Summer wanes

Despite the beautiful day, I can’t shake this feeling of melancholy. I believe it is predominantly a change-of-season reaction or, more explicitly, summer-to-fall. I love fall, its crisp coziness, and the winding down of work in the garden. But unlike other seasons, this change seems less about a shift in the weather and length of day, and more about events. Labor Day weekend. The start of the school year (long past but still looming large in my memory). New beginnings. All things I relish and look forward to, once I give up on trying to answer the “what on earth happened to summer” question, and accept that, once again, much will be left to another year.

Yet the day—and weekend—was full of enjoyable and interesting moments. Today we checked the hives, discovering that the newer one might once again be without a queen. We found a great deal of honey but very little brood. The other, older hive is thriving, with good honey stores and brood. Some of the honey-laden frames are so fat they are touching neighboring frames. To create a bit more space, we pulled one out, and Cherisse used our casual extraction method to remove the capped comb and pull out the honey. Next weekend we will check the hives again, and we should be able to tell if there are signs of a queen in the newer hive. If not, we may try to combine the two; a queen-less colony won’t make it through the winter. In combining them, it is possible we might be able to take more honey (although the increased bee population will need additional food for the cold months).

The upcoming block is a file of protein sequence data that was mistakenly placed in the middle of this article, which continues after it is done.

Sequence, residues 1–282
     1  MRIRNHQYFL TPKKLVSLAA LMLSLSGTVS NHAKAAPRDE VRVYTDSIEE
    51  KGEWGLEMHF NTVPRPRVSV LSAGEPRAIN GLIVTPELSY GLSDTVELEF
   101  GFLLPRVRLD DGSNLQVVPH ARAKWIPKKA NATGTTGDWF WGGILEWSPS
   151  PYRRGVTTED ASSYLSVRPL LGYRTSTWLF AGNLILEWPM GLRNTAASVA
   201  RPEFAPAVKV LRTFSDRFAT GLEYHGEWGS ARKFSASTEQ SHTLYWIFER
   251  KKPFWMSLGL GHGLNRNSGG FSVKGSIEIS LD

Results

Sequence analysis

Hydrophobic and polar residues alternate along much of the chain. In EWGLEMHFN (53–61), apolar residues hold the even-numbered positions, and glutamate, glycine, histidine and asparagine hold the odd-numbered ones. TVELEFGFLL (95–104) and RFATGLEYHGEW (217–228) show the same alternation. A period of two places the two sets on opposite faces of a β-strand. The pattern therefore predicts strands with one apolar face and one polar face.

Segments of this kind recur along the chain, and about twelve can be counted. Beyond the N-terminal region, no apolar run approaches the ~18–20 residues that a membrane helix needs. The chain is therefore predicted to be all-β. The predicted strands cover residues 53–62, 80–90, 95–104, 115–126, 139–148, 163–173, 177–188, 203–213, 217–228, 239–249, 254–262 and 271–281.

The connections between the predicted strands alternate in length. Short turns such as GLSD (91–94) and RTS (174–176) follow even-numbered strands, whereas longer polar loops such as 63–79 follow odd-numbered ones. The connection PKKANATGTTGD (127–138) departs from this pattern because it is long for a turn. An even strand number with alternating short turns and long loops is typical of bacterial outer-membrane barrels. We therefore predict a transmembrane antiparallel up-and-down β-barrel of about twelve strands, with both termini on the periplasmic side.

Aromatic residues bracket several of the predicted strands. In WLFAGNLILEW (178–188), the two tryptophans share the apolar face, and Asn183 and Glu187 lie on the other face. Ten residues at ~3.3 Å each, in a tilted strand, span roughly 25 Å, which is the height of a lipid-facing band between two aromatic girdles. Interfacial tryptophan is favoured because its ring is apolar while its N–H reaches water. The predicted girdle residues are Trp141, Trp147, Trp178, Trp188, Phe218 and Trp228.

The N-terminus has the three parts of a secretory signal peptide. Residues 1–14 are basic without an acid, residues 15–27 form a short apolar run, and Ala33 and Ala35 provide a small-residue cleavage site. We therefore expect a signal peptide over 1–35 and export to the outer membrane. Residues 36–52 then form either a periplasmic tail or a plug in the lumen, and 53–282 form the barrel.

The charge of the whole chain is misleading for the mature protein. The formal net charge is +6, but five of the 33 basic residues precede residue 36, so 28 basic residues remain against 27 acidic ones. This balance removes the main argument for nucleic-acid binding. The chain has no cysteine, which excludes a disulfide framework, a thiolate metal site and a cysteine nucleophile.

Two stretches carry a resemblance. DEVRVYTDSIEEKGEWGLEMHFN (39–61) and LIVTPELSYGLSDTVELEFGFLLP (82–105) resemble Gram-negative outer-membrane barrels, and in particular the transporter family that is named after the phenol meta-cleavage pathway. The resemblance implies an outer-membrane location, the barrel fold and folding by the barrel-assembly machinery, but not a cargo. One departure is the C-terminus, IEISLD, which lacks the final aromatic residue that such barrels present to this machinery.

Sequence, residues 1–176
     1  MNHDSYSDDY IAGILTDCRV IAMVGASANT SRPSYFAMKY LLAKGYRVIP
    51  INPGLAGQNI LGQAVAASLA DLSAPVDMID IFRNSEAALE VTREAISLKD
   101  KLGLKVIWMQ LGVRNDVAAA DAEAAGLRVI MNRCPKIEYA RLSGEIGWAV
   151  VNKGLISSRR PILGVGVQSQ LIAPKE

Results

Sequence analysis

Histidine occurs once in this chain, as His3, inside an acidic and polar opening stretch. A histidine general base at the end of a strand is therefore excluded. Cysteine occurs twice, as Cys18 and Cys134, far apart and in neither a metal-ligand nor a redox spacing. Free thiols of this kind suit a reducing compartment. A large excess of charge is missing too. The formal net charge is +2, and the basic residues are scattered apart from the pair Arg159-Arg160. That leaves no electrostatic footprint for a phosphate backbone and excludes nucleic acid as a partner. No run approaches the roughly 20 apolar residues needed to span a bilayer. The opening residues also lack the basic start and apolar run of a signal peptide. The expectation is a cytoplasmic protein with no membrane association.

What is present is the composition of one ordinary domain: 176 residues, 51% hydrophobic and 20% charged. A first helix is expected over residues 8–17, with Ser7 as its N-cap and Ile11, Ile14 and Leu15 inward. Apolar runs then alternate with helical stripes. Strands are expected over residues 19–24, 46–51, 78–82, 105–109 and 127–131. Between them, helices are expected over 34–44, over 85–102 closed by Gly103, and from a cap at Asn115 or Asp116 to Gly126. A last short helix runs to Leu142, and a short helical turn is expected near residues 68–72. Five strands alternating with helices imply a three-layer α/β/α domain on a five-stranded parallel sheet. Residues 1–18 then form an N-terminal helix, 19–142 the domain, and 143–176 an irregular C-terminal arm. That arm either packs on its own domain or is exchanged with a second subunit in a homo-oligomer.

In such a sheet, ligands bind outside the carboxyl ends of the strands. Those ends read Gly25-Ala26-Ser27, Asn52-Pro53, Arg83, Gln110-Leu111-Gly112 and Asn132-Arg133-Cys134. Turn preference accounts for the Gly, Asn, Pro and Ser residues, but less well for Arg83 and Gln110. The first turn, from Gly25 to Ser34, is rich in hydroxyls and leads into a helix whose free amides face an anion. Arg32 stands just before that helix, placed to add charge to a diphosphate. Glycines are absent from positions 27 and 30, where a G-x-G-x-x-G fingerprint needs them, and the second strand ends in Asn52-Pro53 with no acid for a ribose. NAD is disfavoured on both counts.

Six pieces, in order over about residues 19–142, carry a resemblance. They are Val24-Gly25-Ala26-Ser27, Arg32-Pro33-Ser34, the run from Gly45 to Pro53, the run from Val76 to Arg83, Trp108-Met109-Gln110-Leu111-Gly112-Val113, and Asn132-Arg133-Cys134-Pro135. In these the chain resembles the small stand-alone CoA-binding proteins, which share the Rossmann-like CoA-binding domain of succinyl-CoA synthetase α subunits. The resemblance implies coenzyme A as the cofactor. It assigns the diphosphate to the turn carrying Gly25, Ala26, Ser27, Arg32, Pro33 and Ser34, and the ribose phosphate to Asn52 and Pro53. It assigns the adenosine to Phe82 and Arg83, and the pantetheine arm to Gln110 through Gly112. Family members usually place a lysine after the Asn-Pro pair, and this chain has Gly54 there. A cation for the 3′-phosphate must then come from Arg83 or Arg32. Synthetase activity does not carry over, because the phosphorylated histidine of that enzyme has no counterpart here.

Little brood in new hive
Too little brood in new hive
Brood in older, stronger hive
Brood in older, stronger hive
Capped honey
Capped honey
Extracting honey
Extracting honey

The baby chicks continue to grow rapidly. They venture further afield, intermingling with the older chickens outside. Soon we will figure out how to introduce them into the roosting area.

Cherisse’s hard work with the tomato fence paid off. She erected a nine-foot deer fence (the only fencing we had available) around the two tomato beds, and while squirrels could climb over this, it seems to have sufficiently deterred them. We are no longer finding half-eaten tomatoes…although someone has eaten half of one of the biggest cabbage heads  Our Raven zucchini and Yellow Sebring were so riddled with squash borers, Cherisse pulled them out. Only a couple of pattypan remain, and so we won’t have the winter stores of squash soup, ratatouille, or quite as much zucchini bread as in past years. Each year’s harvest produces different results, one of the key arguments for crop diversity. (On a related note, Mark Bittman had a great piece recently in his blog called “Celebrate the Farmer!” http://opinionator.blogs.nytimes.com/2012/08/21/celebrate-the-farmer/.)

The flower garden still looks beautiful (however another weekend passed without weeding). Our eggplant is now coming more rapidly, and for the first time in years our peppers are big and perfect looking. We have two large, lovely Asian pears on a tree, not quite ready to pick. So the days may get shorter and the nights cooler, the urge to start something new might linger in my subconscious, but melancholia has no place here.

Sunday afternoon, from the bee hives
Sunday afternoon, from the bee hives
The adults
The adults (the Dominique is on the seat behind the RI Reds)

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